Violence Med For Depression 05/08/2011 England Woman is Sentenced for Vicious Attack in Restaurant
||Med For Depression
||Woman is Sentenced for Vicious Attack in Restaurant
|Paragraph 8 reads: "She said the object Stafford had in her hand was an insulin pen, which she used to control her diabetes, and that she used ‘a lot of prescription medication’ to help with depression, back pain and anxiety."
Woman is sentenced for attack in fish bar Published on Friday 5 August 2011 01:35
A MOTHER of six grabbed a shop manager and held a metallic object to his throat, a court heard on Monday.
Janet Stafford, 40, of Fitzgerald Walk, Bury St Edmunds, who was in breach of a suspended sentence, was made the subject of a 12-month community order when she appeared before Judge David Cooper at Bury Magistrates’ Court on Monday.
Stafford had pleaded guilty to assault by beating and to using threatening behaviour to cause another person fear at a previous hearing.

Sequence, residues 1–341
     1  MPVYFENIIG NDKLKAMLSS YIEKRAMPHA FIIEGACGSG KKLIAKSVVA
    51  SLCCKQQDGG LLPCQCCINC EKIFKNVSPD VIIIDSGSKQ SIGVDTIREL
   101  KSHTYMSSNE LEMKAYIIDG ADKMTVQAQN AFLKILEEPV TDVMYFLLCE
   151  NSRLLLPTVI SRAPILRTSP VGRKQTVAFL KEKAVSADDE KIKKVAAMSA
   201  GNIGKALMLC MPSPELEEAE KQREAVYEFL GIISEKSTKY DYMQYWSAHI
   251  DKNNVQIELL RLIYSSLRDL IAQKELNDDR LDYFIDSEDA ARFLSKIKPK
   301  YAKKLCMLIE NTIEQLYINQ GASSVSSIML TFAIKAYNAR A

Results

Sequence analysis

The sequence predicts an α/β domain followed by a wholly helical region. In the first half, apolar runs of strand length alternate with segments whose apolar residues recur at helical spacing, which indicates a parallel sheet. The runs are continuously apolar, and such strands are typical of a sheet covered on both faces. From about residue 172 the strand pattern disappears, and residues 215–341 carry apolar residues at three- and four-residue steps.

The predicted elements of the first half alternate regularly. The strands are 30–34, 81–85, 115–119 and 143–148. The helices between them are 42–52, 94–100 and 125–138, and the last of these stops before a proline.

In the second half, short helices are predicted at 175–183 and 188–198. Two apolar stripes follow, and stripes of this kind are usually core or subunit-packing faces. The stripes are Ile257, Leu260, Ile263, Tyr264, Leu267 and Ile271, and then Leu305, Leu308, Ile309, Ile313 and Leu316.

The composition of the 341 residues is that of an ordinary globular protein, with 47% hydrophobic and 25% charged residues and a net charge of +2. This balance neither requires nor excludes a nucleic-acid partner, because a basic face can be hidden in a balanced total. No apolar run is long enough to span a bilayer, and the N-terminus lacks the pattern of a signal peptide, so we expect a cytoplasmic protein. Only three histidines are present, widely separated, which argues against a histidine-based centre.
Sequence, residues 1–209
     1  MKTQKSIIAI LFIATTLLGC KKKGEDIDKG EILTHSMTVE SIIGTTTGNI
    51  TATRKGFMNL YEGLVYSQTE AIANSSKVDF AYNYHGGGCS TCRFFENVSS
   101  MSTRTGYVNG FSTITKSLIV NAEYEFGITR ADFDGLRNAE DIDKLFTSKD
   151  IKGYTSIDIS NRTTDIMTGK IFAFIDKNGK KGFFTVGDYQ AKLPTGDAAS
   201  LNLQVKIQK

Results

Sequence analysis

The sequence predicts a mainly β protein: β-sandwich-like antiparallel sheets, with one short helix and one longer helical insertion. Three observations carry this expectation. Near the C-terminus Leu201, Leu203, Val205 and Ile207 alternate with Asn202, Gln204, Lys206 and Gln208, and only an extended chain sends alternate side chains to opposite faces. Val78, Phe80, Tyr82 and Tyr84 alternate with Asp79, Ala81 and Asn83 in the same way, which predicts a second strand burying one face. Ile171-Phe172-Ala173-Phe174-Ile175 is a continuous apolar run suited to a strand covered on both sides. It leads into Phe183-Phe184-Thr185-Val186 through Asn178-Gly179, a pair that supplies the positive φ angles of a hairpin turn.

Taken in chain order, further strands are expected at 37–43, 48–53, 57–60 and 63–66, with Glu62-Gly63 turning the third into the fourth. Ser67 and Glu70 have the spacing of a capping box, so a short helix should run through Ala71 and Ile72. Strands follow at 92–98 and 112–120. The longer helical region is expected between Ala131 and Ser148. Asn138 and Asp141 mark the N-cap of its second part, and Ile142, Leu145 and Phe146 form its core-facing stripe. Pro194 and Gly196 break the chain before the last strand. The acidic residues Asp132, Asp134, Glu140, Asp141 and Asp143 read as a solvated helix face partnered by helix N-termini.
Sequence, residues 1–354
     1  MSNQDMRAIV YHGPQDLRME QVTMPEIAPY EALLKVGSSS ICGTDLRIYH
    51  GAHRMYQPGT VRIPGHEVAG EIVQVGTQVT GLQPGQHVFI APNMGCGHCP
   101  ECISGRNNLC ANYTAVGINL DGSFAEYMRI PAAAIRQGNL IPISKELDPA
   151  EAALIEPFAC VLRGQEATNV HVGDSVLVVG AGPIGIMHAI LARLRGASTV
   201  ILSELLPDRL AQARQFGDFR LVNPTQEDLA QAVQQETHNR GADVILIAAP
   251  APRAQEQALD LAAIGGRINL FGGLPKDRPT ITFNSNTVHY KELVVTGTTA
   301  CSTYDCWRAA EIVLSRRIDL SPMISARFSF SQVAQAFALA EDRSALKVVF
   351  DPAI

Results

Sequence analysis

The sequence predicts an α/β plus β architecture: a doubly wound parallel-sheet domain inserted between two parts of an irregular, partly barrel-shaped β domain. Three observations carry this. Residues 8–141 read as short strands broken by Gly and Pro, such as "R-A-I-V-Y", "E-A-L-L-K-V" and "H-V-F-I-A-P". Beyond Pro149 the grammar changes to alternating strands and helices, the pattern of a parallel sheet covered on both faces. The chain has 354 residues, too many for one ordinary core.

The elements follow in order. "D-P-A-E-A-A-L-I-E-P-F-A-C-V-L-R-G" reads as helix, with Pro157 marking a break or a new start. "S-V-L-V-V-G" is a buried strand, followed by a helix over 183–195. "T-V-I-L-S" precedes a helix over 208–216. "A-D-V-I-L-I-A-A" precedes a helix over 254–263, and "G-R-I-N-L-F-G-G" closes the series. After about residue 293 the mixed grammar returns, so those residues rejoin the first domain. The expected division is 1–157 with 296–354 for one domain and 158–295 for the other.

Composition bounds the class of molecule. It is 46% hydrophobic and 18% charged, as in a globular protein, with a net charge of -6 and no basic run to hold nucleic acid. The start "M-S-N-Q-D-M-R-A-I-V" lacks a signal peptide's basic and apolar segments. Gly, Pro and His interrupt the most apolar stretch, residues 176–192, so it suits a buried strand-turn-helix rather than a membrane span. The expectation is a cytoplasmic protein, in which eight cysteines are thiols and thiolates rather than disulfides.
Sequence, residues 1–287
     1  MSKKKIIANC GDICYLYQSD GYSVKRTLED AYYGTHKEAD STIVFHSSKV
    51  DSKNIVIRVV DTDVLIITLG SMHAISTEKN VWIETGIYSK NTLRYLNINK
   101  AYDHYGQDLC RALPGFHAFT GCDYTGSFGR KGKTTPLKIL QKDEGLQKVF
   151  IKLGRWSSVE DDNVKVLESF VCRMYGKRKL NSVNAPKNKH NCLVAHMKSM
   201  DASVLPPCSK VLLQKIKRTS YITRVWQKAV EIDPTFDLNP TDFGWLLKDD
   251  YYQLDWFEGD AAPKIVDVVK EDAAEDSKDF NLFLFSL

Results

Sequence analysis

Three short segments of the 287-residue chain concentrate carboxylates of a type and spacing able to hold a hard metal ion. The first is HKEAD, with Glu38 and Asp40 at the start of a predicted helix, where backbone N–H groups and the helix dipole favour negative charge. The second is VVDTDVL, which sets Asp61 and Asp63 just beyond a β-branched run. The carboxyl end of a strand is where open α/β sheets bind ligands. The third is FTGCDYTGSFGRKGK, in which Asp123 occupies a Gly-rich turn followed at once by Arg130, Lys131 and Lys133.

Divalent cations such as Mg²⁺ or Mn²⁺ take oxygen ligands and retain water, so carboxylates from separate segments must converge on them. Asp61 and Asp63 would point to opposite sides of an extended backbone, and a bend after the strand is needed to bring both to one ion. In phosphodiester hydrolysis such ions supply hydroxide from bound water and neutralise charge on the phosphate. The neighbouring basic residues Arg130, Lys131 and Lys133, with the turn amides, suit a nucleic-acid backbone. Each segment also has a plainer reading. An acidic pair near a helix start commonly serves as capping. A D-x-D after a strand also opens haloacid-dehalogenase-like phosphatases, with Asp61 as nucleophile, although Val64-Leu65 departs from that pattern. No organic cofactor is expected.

Prosecuting, Nicky Miller said that on February 10 Stafford went into Rumbles Fish Bar, in Great Barton, because a friend, who accompanied her, wanted to speak to the manager about a problem he had had with her son.
Manager Memhet Koyneksiz did not know who the women were but when they brought up the incident he thought they were going to apologise and came out from behind the counter, said Mrs Miller.
Stafford grabbed him by the neck and held an object to his throat, at which point customers already in the shop left.
Sarah Smeeth, from the probation service, said that Stafford accepted she lost her temper and that Mr Koyneksiz was ‘terrified’ by her actions.
She said the object Stafford had in her hand was an insulin pen, which she used to control her diabetes, and that she used ‘a lot of prescription medication’ to help with depression, back pain and anxiety.
Miss Smeeth said that the mother of six, who had four children living with her, spent the earlier part of this year in a women’s refuge in Norwich but was now settled in Bury.
She said Stafford was currently attending classes in anger management and plans to follow that up with other specialised courses.
In committing the offences Stafford breached a suspended sentence, for which Judge Cooper extended the operational period by one month.
He made her the subject of a 12-month community order, with supervision, and ordered her to pay £100 in costs and £100 compensation to Mr Koyneksiz.